“Now, it’s always going to come back. Like, ‘Are they all right? Man, he didn’t play well. Is he going to leave?’ Why do I even have to think about that at this point? … Then it turned into, ‘K.D.’s going to this place, he doesn’t like the Warriors no more. He should go here, he should go there.’ More distractions.”

Of course, Durant could stop those distractions by telling everyone he’s staying with the Warriors past this season. That won’t happen, though, with so much money and prestige at stake.

So, KD will be left to answer the media’s questions about the future and his perceived fit, particularly with the Warriors slumping by their lofty championship standards.

That became evident the day after the incident, with the Atlanta Hawks visiting Oracle Arena. As the game played out, all the talk centered on how Durant would look on the floor with teammates who might have been irritated by the whole ordeal.

[RELATED: KD says tiff with Green won't affect free agency decision]

Turns out he was thinking about things, too.

“During the game, I’m like, ‘Ah, [expletive], I’m probably going to have to say something about this,’ “ Durant told Haynes. “Why do I have to think about that during the basketball game? And that’s a fight I had to have, focusing on just playing. …

“And that’s what I tend to focus on, but you’ve got so much B.S. that’s being thrown your way that I didn’t create. If I created all of this stuff, then I couldn’t be out here talking like this, but I didn’t create any of this. I’m just out here playing.”

He’s out there playing, but it’s not at his best level. He shot 24 of 64 from the field and just 1 of 13 on 3-pointers during the Warriors’ winless Texas road trip that started with him shutting down a reporter who asked about his relationship with Green. Durant returned home to work with Hall of Famer Steve Nash on his wayward shot, then discovered he’d been fined $25,000 by the NBA for his outburst toward a heckler in Dallas.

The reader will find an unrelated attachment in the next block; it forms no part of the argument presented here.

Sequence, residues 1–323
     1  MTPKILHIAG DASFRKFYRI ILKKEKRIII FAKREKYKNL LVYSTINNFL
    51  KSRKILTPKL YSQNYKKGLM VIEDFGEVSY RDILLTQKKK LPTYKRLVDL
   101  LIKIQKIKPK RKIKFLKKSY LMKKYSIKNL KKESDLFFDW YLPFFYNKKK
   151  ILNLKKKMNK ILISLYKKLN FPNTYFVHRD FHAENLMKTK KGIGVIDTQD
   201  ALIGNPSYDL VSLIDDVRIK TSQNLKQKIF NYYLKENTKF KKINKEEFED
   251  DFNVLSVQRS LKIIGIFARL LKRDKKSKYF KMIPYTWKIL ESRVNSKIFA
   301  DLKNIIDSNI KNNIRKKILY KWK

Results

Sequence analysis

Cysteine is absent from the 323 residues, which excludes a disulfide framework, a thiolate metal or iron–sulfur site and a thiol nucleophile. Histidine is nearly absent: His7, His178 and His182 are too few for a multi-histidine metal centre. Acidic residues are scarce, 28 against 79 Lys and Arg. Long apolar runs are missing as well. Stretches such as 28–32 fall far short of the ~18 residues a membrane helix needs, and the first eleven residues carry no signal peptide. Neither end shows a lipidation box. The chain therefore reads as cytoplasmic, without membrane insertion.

KD and Co. are in one of the roughest of patches. The only way out is to win.

Warriors' Kevin Durant says Draymond Green tiff won't affect his free agency


Warriors' Kevin Durant says Draymond Green tiff won't affect his free agency

Kevin Durant's tiff with Draymond Green sent speculation surrounding his free agency into a frenzy. Would the beef heard 'round the world mean The End Of The Warriors As We Know It?

Well, you might want to put any plans to order a "DURANT NO. 35" New York Knicks jersey on hold until July.

Durant told Yahoo's Chris Haynes on Tuesday that his confrontation with Green won't affect his decision in free agency this summer. 

“Nah, [it won’t factor],” Durant said. “Because at the end of the day, I’m just a ballplayer that’s just trying to be in a great environment to play basketball and groom my skills every day. And I want to compete on a level that once the game starts, I’m just totally comfortable with my surroundings, with just going out there and being me.” 

[RELATED: KD enters the 'lab' with Steve Nash to fix wayward jump shot]

Sources told NBC Sports Bay Area's Monte Poole that Green crossed a line by bringing up Durant's free agency when the two argued during a Nov. 12 loss to the Los Angeles Clippers. Durant was upset that Green didn't pass him the ball on the final possession in regulation of a game the Warriors ultimately lost in overtime, and the two got into it on the sideline.

Green ultimately was suspended one game for "conduct detrimental to the team," as the Warriors experienced what coach Steve Kerr called "the real NBA." Maybe that's why Durant said he was able to quickly move past the exchange with Green.

“I never really felt like it was a problem, because I know Dray and he says some crazy [expletive] out his mouth all the time,” Durant told Yahoo Sports. “But on top of that, it was just that there was so much coming with it from the outside, and so much stuff that we have to answer now.”

In July, Durant can opt out of a two-year, $61.5 million contract he signed last summer. Until Durant puts pen to paper, questions surrounding his Warriors future surely will follow. 

Going on the record to say the last week won't affect his decision might not truly reassure the Warriors, but it beats the alternative. 

Programming note: Watch Wednesday night's Warriors-Thunder game streaming live at 7:30 p.m. PT on the MyTeams app.